April 14, 2024
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Linking Northern and Central NJ, Bronx, Manhattan, Westchester and CT

Ma’ayanot Students: Mission to Omaha

For the fifth time in as many years, Ma’ayanot, in conjunction with NJ NCSY, sent a group of students to participate in a five-day Leadership Training/Service Mission. These missions, subsidized by NJ NCSY, are designed to educate about the importance of chessed and tikkun olam and to provide opportunities for the students to interact with Jewish communities outside of the metropolitan area.

Five years ago Ma’ayanot students traveled to Minnesota to help repair housing damaged by Red River flooding. In the subsequent three years, students participated in missions to New Orleans to provide assistance to communities still recovering from Hurricane Katrina. This year, 22 sophomores and juniors, Ma’ayanot’s largest contingent ever, traveled to Omaha, Nebraska.

Rabbi Ethan Katz, Regional Director of NJ NCSY, worked with Rabbi Zev Prince, Talmud teacher and Director of Religious Programming at Ma’ayanot, to plan the missions, and they, along with NCSY advisors Avital Moss, Sherry Amster, and Rebecca Bari, and Mrs. Yael Weil, Halakha teacher at Ma’ayanot, accompanied the students to Omaha.

The first day of the trip was spent working, primarily drywalling and installing insulation, on a Habitat for Humanity building project aimed at providing low-cost housing for families in need. The Habitat organizer, who had never before worked with an all-female contingent, commented that he was pleasantly surprised at their productivity. Sophomore Dina Jawetz was also pleased with what the group accomplished: “We finished drywalling three rooms, and it is really amazing to be part of an effort that will help people be able to afford a home of their own.”

Also meaningful were numerous opportunities to interact with different parts of the Jewish community. For example, on Friday morning students volunteered with children at both the Child Development Center and the Friedel Jewish Day School, singing Shabbat songs and leading lessons on Jewish holidays, and in the afternoon they visited with elderly residents at the Rose Blumkin Jewish Nursing Home. After Shabbat, students chose between visiting and playing board games with adult Yachad members or, because there is no kosher bakery in Omaha, attending a baking session in the shul kitchen, the products of which were frozen for use at future shul kiddushim.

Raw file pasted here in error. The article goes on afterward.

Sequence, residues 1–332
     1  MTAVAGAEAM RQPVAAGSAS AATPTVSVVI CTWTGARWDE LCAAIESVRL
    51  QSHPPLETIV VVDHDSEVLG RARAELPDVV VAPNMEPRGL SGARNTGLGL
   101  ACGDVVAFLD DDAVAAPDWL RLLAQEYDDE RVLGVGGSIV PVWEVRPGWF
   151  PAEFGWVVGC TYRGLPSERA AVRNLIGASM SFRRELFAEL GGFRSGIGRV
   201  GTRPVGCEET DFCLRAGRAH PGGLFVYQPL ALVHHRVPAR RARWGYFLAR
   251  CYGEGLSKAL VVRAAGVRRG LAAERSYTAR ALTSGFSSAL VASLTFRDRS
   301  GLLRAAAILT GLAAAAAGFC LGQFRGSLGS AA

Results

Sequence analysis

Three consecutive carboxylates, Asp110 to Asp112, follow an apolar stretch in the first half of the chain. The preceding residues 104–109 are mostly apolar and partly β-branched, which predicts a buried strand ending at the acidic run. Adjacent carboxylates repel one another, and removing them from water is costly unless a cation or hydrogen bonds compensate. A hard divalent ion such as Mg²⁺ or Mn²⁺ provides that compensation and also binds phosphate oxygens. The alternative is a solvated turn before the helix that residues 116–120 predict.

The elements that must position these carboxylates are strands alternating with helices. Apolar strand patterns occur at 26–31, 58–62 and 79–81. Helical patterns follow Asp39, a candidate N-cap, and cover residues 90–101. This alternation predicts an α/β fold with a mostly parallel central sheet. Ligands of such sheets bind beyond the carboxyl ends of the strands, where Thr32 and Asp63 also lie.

A highlight of the trip, for both the students and members of Congregation Beth Israel, the local Orthodox synagogue, was Shabbat. Friday evening Rabbi Prince led a Carlebach Kabbalat Shabbat, and the students directed both a festive dinner, with divrei Torah, songs and dancing, and a “tisch in the dark,” a novel experience for the synagogue congregants. While the Ma’ayanot students ran the programming for Friday night, members of the local community entertained the students on Shabbat day, with a performance by the children’s choir and with a discussion session with community members about both the history of the Omaha Jewish community and what it is like to live in a relatively small Jewish community.

The students went into Shabbat with the goal of having an impact on the community; for example, sophomore Avigail Gottlieb noted that the community loved the singing, ruach and divrei Torah that the students brought to the community. However, she also noted that the community had a large impact on the students as well: “Being there made us realize how lucky we are to have such a great yeshiva high school (the local yeshiva ends after sixth grade), and kosher food whenever and wherever we want it… It made us realize that we should not take these things for granted.”

On Sunday, students visited RESPECT, a Nebraska nonprofit committed to decreasing violence and abuse in relationships, where they prepared stuffed animals for school-age children attending RESPECT seminars, and they participated in a session aimed at providing the students with tools to deal with possible encounters with abuse—of themselves or others.

While this and all of the prior joint Ma’ayanot/NJ NCSYmissions were about chessed and tikkun olam, they were also, according to Rabbi Prince, about cultivating a culture of leadership. During a debriefing at the end of the trip, Rabbis Prince and Katz explained to the students that they were able to make a difference in Omaha because NCSY and Ma’ayanot worked hard to create opportunities for them to do so. The rabbis challenged the students to view this trip as a model and to “think about how they can find opportunities to create and run programming that will help make a difference for their school community, the greater Jewish community, and for people outside of the Jewish community as well”

If prior missions are an indication, this leadership message comes through loud and clear; Arielle Isaac (’14), who participated two years ago, served as Ma’ayanot’s Student Government President last year, and current senior Tova Sklar, another recent participant, is now the International President of NCSY. Rabbi Prince was also pleased to note that three students from this year’s mission have already sat down with school faculty members to discuss running for Student Government positions next year: “We know that our students can achieve anything we put before them, but sometimes we have to bring them a thousand miles away so that they can discover their strengths as well.”

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